By George H. Smith:
An atheist is rarely asked to write an essay on “religion’s positive role in society,” but it is fitting that this request came from the Acton Institute. Lord Acton (1834-1902) was a Catholic, a classical liberal, and a great historian who devoted his life to the history of liberty.
Acton always stressed this important truth: No one group or movement, religious or secular, deserves exclusive credit for the theory and evolution of free institutions. All historians should avoid the unpardonable sin of “making history into the proof of their theories.” Instead, the historian should try “to do the best he can for the other side, and to avoid pertinacity or emphasis on his own.”
.... Ironically, Acton’s Catholicism and my atheism give us something in common. In Protestant countries, Catholics and atheists were often lumped together and branded as subversive minorities whose doctrines, if permitted to circulate freely, would jeopardize the core values of a free society.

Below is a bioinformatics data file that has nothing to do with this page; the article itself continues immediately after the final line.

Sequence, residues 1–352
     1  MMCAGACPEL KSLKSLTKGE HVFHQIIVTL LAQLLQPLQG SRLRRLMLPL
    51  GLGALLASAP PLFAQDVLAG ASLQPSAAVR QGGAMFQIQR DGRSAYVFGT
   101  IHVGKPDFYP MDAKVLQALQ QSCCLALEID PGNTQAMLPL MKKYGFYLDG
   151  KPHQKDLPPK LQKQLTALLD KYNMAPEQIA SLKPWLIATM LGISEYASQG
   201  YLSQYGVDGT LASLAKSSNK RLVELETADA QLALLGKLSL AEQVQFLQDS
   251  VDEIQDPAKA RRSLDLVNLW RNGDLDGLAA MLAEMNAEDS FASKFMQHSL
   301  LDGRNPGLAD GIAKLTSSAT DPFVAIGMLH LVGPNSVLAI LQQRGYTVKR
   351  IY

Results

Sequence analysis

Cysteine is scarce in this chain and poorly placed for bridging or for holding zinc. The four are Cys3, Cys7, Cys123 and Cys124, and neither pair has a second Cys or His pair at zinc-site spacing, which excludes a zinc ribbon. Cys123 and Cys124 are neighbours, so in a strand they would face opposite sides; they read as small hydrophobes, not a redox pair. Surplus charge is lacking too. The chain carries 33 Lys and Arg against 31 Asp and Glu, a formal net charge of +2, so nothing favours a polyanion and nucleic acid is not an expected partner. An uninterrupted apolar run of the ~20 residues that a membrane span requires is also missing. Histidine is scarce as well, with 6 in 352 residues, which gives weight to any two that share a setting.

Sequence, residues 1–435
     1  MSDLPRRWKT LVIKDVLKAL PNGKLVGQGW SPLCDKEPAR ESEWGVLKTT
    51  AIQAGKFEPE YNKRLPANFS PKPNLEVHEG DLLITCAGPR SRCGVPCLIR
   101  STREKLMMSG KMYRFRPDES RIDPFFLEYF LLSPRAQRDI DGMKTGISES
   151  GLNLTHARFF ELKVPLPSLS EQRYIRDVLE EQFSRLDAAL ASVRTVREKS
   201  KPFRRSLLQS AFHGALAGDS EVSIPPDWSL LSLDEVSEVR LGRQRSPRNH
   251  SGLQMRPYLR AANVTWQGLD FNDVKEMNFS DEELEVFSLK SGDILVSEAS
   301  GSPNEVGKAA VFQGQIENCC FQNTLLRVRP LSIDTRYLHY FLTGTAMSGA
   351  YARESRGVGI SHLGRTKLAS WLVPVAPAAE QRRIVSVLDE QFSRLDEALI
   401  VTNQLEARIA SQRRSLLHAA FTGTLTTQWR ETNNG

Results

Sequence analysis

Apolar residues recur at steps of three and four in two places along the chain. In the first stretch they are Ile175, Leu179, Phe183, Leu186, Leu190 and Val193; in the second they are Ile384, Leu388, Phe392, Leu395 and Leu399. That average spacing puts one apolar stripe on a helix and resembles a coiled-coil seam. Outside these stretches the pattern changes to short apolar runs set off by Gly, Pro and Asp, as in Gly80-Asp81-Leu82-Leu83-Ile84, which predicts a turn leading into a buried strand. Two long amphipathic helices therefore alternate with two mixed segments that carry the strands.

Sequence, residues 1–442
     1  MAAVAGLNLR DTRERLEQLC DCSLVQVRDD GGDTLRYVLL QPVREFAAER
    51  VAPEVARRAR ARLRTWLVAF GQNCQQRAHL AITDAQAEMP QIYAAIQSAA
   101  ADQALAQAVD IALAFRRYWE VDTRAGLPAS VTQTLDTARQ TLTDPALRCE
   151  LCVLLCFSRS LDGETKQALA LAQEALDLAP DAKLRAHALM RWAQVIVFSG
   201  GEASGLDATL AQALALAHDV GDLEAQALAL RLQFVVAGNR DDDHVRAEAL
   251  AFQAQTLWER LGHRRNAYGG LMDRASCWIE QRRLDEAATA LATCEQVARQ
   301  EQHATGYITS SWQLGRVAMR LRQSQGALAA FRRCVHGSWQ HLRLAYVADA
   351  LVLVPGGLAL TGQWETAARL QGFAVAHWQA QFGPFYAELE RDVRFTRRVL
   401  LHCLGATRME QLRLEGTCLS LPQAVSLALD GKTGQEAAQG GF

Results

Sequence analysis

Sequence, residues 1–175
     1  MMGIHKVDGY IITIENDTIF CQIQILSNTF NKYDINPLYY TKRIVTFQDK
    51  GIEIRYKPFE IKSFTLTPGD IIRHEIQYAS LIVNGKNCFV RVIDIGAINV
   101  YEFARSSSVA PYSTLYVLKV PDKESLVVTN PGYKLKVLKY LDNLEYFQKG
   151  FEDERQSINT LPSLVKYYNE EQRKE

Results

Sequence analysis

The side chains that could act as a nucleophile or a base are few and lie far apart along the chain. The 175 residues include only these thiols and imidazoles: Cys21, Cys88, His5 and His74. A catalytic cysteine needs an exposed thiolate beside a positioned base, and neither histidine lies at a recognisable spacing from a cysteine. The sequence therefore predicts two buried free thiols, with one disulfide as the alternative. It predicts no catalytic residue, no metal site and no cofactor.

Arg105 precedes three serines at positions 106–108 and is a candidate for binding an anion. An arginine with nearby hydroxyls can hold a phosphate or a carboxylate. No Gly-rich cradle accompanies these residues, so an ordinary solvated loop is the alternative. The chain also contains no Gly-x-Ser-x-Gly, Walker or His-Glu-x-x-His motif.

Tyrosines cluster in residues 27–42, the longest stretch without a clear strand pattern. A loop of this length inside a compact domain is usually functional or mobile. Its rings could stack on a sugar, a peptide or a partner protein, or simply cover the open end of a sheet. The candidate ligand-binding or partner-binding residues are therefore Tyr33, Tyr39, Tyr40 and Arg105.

This “dark myth” was especially popular in seventeenth-century England, where it found adherents even among some of liberalism’s most distinguished founding fathers. John Locke, for example, argued that religious liberty is a “natural right” that should be enjoyed by everyone–except Catholics and atheists. The doctrines of these minorities, Locke believed, are incompatible with the moral foundations of a free society (though for different reasons), so they should be legally suppressed.
Acton attacked this dark myth in two ways. First, he identified minority rights as a defining characteristic of a free society: “The most certain test by which we judge whether a country is really free is the amount of security enjoyed by minorities.” Second, according to Acton, the history of liberty is inextricably linked to the history of minorities:
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